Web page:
Love and Rockets: New Stories #1-2
featuring “Ti-Girls Adventures Number 34”
Jaime Hernandez, writer/artist
104 pages each
This is going to sound a little weird, but one of my favorite things about the superhero flight of fancy with which Jaime inaugurated this third Love and Rockets series, now in bookstore-friendly post-altcomic squarebound format, is the fact that I was pronouncing the titular super-team’s name wrong nearly the whole time. I was thinking “Tee-Girls”–maybe you can blame the aging super-version of Xochtil’s resemblance to Maggie’s Tia Vicki for putting that pronunciation in my head–when as it turns out its a play on “Tigers.” And whaddayaknow, just like that, Jaime’s imaginary team of misfit superheroines fits right into the very real and very long legacy of superhero characters and creators I’ve heard people completely mispronounce: Namor the Sub-Mariner, Magneto, Sienkiewicz, Quesada, Byrne–not to mention “Jamie” Hernandez himself. Probably just a fluke, I know, but somehow it feels more like attention to detail.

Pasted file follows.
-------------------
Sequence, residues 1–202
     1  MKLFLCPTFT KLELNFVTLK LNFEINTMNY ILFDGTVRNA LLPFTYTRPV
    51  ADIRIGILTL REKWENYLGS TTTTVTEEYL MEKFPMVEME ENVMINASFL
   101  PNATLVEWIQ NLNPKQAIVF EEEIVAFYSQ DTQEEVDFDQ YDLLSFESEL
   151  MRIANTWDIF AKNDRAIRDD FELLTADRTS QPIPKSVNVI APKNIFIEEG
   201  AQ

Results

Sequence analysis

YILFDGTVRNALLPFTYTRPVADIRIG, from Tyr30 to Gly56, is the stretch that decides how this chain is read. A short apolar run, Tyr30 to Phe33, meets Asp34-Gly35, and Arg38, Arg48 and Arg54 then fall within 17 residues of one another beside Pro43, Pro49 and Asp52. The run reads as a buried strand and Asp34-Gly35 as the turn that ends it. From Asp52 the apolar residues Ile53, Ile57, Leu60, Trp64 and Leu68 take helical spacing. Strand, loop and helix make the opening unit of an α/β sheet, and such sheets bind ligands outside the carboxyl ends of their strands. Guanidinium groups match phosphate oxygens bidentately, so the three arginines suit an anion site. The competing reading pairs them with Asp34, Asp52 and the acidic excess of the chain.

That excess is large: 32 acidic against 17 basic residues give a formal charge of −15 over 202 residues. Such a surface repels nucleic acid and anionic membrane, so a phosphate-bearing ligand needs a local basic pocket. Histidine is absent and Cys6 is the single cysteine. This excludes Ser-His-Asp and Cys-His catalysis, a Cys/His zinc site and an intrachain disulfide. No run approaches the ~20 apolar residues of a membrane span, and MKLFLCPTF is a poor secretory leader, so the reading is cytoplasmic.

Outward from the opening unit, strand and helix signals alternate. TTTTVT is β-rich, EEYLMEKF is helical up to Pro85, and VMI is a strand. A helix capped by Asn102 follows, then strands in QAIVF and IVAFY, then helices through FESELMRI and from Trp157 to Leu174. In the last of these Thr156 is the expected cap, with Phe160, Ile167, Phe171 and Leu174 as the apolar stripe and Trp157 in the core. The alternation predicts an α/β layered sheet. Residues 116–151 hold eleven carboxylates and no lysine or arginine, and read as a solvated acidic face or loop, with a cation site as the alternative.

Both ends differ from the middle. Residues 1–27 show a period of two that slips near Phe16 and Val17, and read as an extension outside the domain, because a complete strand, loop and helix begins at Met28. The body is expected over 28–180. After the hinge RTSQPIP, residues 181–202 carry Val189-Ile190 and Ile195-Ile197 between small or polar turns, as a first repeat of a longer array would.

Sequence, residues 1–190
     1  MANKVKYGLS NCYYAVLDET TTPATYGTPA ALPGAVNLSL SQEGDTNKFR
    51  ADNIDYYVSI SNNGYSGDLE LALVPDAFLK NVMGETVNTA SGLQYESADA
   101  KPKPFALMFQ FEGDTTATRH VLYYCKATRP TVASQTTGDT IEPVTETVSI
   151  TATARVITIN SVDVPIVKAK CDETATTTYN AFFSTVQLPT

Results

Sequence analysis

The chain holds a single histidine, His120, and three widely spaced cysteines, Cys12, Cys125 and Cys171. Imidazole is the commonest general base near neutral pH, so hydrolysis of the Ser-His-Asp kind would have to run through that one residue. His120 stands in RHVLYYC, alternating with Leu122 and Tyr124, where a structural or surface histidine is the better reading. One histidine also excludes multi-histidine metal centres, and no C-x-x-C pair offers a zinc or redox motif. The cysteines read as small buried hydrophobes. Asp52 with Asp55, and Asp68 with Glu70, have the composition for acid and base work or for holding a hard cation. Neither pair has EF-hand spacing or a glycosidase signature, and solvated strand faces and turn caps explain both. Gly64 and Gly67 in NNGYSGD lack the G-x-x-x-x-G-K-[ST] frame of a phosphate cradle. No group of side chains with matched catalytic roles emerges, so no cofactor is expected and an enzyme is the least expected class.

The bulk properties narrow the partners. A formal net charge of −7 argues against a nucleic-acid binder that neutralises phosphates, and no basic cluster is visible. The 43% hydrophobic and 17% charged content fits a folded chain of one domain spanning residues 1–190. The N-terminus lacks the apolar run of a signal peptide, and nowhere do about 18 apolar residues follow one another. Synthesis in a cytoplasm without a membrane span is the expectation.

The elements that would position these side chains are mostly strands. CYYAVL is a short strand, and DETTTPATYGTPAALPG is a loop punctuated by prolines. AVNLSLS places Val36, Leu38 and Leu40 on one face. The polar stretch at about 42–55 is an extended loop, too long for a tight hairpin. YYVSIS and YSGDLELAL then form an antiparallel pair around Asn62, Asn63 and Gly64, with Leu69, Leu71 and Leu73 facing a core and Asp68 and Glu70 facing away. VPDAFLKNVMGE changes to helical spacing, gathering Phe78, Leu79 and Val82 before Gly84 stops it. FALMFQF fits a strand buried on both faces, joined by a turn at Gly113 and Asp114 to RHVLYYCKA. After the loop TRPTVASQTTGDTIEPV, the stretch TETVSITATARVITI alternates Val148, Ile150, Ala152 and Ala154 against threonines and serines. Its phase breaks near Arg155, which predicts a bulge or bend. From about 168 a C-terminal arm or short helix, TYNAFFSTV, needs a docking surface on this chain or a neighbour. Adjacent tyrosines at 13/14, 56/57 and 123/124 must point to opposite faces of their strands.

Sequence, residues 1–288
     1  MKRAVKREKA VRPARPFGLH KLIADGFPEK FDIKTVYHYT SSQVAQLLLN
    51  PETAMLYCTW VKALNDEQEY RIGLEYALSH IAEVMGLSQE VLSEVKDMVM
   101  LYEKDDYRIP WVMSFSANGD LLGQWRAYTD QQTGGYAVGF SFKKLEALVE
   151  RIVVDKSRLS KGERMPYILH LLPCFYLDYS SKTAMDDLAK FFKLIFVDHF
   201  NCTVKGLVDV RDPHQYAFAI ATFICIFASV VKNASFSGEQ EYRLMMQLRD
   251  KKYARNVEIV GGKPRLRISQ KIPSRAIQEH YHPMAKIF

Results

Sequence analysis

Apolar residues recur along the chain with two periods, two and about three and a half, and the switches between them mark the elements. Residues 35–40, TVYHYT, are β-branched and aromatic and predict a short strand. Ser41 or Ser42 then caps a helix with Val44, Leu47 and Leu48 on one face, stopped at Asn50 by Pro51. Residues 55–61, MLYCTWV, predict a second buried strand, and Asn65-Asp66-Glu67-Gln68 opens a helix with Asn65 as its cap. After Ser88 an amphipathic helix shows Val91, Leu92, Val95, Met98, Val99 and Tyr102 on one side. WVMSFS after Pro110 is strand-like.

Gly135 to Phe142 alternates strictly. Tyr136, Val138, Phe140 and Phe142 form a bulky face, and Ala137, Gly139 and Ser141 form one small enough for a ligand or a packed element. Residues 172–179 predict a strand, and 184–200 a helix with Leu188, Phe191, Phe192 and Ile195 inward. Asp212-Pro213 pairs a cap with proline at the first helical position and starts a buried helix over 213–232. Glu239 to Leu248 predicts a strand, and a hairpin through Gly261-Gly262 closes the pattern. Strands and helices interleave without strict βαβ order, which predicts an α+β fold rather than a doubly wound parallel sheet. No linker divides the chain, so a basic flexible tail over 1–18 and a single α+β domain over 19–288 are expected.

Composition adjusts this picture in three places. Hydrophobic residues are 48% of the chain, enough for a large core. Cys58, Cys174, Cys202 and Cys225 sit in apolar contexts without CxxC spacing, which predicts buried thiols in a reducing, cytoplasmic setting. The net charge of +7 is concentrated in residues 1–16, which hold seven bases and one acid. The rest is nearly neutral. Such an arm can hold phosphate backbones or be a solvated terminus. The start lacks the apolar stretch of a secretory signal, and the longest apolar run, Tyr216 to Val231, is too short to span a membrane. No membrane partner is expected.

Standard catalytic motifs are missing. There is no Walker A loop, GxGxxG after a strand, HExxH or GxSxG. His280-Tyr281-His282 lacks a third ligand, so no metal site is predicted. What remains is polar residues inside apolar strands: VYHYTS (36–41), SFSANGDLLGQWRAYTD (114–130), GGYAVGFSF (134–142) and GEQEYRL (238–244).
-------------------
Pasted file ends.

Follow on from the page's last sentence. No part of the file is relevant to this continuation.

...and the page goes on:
It’s easy to dismiss “Ti-Girls Adventures Number 34” as precisely that sort of pleasant superhero-nostalgia diversion, a chance for Jaime to work directly in the idiom of one of his greatest but least frequently expressed influences. It’s certainly difficult to square it with the Locas-verse as we know it. The wildest left-turn back into the fantastic that the “Locas” strips have taken in probably 20 years, it transforms Penny Century into the mad superhero she’s always dreamed of becoming, reveals that Maggie’s apartment-complex neighbors Alarma and Angel are secretly superheroes themselves (we’d already caught some glimpses of Alarma in costume, but that was in the storyline where we also saw the devil take the form of a levitating black dog, so, y’know, grain of salt), brings sundry superheroes mentioned in the imaginary comics Maggie reads to life (e.g. Cheetah Torpeda, herself the namesake of a strip club Ray D. frequents), features inexplicably aged versions of previously existing characters like Maggie’s wrestler cousing Xochtil, posits the existence of a mutant-like female-only “gift” of superpowers, and ultimately reveals that Penny was never really real to begin with. “I’ve known Penny for quite a few years now,” Maggie says, “and in all that time she never aged. Like, she was not regular flesh and blood, but like, this drawing that was clipped from a comic book and pasted down here on Earth.” And here I’d thought she’d just used H.R. Costigan’s billions to have a lot of work done!